Increased safety unlikely
Police minister Bheki Cele kept his job despite failing so badly at it that 337 people died, thousands lost their livelihoods, and billions of rands of value was destroyed during a week where the police were either unwilling or unable to protect people and property while Cele himself was nowhere to be seen.
It’s a job he should not have had in the first place since he, too, is stained by corruption. In July 2011, then-Public Protector Thuli Madonsela found Cele guilty of improper conduct and maladministration for his role in driving the corrupt R1.7 billion lease agreement deal for the Durban and Pretoria police headquarters.
Cele’s incompetence, too, is well-proven. For example, despite Ramaphosa’s promise to women in his seminal speech on gender-based violence in September 2019 that the DNA testing backlog will be addressed, it has now grown to over 300 000 cases.
Increased accountability unlikely
Having himself failed to implement the urgent recommendations of the 2018 high level panel report into the captured and incapacitated State Security Agency, Ramaphosa has seen fit to consolidate the intelligence services in the presidency, effectively appointing himself to head it. This trend of consolidating power in the presidency is concerning, not least because there is no parliamentary portfolio committee overseeing the presidency despite the DA calling for it for over a decade now.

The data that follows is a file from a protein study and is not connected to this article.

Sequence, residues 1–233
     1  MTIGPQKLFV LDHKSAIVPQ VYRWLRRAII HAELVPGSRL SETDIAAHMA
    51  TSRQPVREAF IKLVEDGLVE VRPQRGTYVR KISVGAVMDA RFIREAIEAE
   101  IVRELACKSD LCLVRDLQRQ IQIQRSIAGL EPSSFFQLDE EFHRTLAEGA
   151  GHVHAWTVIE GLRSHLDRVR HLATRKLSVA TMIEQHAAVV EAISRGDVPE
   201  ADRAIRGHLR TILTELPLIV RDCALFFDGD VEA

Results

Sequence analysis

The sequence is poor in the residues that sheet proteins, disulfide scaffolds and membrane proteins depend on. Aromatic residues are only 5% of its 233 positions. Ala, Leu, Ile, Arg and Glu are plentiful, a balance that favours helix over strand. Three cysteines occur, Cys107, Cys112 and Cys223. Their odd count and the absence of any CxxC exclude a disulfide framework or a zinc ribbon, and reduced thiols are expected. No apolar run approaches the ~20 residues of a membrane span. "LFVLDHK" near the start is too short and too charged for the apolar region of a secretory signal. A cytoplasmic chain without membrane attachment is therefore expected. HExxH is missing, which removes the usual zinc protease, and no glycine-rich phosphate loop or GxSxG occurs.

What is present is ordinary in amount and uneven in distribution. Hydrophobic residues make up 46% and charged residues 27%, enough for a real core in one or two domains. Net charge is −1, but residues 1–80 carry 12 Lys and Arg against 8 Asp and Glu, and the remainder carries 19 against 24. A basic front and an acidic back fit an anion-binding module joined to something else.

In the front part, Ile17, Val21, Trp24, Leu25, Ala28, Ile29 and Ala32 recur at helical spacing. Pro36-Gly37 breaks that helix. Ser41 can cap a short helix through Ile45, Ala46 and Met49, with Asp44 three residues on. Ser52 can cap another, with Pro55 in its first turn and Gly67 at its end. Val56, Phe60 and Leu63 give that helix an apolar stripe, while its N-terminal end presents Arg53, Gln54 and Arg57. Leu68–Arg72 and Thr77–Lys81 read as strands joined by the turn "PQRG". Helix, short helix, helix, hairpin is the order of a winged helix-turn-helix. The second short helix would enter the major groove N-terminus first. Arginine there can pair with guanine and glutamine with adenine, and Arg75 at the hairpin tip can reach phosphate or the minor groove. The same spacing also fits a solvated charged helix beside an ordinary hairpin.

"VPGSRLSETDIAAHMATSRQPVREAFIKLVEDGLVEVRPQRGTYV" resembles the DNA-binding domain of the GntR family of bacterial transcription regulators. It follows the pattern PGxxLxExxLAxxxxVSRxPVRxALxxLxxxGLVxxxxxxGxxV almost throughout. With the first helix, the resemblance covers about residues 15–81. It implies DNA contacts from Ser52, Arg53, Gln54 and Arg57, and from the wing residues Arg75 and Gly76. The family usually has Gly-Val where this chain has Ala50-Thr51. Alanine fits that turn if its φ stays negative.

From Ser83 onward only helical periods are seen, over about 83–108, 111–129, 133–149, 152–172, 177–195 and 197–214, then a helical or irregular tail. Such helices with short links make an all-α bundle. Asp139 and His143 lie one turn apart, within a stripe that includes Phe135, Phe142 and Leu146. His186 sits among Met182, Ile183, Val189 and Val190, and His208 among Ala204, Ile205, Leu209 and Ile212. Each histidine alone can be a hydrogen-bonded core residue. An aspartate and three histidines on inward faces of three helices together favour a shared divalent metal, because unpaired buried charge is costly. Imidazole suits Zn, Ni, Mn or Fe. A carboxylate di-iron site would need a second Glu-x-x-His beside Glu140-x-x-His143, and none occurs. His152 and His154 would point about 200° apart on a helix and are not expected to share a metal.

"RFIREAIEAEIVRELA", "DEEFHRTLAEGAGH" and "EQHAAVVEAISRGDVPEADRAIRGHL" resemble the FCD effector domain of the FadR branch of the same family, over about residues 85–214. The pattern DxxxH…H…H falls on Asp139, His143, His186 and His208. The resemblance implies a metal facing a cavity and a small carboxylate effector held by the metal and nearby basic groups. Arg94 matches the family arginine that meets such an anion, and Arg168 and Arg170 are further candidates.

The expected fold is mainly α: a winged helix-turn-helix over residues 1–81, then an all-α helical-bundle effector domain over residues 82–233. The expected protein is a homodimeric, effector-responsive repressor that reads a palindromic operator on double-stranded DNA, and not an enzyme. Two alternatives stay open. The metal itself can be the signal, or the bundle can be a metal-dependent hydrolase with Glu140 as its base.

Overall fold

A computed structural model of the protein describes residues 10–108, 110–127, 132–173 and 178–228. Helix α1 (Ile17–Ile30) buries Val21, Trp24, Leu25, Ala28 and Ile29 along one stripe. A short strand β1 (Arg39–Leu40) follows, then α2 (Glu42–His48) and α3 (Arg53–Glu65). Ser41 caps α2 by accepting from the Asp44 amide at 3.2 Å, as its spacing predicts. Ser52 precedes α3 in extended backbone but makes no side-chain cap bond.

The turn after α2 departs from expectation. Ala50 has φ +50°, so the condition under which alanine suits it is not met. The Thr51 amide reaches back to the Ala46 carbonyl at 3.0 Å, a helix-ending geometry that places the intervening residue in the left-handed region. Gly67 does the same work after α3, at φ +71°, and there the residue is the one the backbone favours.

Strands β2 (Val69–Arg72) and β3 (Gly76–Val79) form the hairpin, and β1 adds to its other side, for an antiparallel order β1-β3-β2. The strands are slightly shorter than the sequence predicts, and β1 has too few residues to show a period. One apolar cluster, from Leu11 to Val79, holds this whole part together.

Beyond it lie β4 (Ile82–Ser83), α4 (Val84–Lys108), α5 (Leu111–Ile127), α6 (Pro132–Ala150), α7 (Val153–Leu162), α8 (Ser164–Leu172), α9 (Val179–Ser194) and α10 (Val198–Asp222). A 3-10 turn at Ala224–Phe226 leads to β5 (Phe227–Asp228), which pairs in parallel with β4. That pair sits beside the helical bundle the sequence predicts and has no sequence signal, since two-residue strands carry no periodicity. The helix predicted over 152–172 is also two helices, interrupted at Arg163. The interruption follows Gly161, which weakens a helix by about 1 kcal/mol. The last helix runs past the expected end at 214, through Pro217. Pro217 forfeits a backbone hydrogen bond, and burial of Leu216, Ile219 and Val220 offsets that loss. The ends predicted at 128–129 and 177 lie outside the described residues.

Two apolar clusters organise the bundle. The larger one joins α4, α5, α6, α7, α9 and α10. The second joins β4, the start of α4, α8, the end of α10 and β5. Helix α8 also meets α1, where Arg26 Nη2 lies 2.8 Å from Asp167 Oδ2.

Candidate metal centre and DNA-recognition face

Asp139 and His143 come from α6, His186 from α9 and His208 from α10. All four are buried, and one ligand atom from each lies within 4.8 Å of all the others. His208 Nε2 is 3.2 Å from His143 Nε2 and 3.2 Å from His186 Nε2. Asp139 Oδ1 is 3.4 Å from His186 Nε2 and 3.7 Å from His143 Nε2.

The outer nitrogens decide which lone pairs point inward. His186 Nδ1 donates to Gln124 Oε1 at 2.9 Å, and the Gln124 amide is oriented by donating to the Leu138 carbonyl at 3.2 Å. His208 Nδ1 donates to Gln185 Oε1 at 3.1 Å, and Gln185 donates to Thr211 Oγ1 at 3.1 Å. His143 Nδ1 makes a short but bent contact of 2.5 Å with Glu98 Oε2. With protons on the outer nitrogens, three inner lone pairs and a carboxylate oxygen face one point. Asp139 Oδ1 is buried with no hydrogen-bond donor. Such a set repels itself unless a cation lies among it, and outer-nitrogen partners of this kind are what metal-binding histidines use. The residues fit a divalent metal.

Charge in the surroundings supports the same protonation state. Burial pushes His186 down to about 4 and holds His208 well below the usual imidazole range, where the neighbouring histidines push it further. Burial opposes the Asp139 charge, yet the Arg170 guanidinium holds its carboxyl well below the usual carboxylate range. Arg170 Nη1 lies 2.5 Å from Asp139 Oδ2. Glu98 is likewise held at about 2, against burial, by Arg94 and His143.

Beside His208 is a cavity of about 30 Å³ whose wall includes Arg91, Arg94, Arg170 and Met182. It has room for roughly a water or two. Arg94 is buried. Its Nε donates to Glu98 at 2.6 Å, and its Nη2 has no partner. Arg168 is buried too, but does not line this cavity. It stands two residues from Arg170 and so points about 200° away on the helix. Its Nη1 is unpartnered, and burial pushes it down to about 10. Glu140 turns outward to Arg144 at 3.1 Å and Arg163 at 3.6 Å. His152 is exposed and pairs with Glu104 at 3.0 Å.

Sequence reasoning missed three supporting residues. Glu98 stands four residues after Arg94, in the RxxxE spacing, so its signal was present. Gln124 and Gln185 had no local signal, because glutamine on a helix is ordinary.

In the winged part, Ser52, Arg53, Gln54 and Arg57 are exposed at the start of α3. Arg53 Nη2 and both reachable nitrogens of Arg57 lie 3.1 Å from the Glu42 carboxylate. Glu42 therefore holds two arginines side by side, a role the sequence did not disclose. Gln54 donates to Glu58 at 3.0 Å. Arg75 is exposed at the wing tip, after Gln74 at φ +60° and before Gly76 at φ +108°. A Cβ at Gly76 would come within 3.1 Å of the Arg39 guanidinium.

But accountability is clearly not a priority, otherwise Ramaphosa could not justify appointing the compromised Zizi Kodwa as deputy minister in the presidency responsible for state security. At the Zondo Commission in June, Kodwa was exposed as having received R2 million in kickbacks, some of which he used to purchase an R890 000 Jeep.
So much for the ANC’s step-aside rule for those implicated in corruption. As the mostly absent David Mabuza retained his position as deputy president, it seems even attendance isn’t a core requirement for ministers.
But perhaps the most vivid proof of Ramaphosa’s utter disregard for the democratic principles of accountability and transparency is his promotion of Nosiviwe Mapisa-Nqakula to head the legislature, one of the three arms of state and the constitutional centre of executive oversight. This, after her failure as minister of defence led to the deaths of 337 people and the loss of thousands of livelihoods.
And that failure comes on the back of many others. Under her watch, the SANDF purchased the unregistered interferon drug from Cuba and blundered the investigations into the death of Collins Khosa at the hands of SANDF soldiers. She is notorious for fusing party and state, having smuggled her son’s girlfriend into South Africa onboard an Air Force jet and overseen the ANC’s jaunt to Zimbabwe also onboard an Air Force jet and in violation of lockdown regulations. All comrades are compromised but some are more compromised than others.
Ramaphosa’s reshuffle delivers the nation nothing more than the illusion of action and accountability.
The buck stops with voters
Yet for all that, there is hope. Accountability and reform are options as long as elections are free and fair. If the ANC rejects accountability and reform, as indeed it has, then voters can reject the ANC using the most powerful democratic tool of all: the vote. South Africans are going to have to stop relying on Ramaphosa and start relying on their vote to make South Africa a good place for all of us to live in.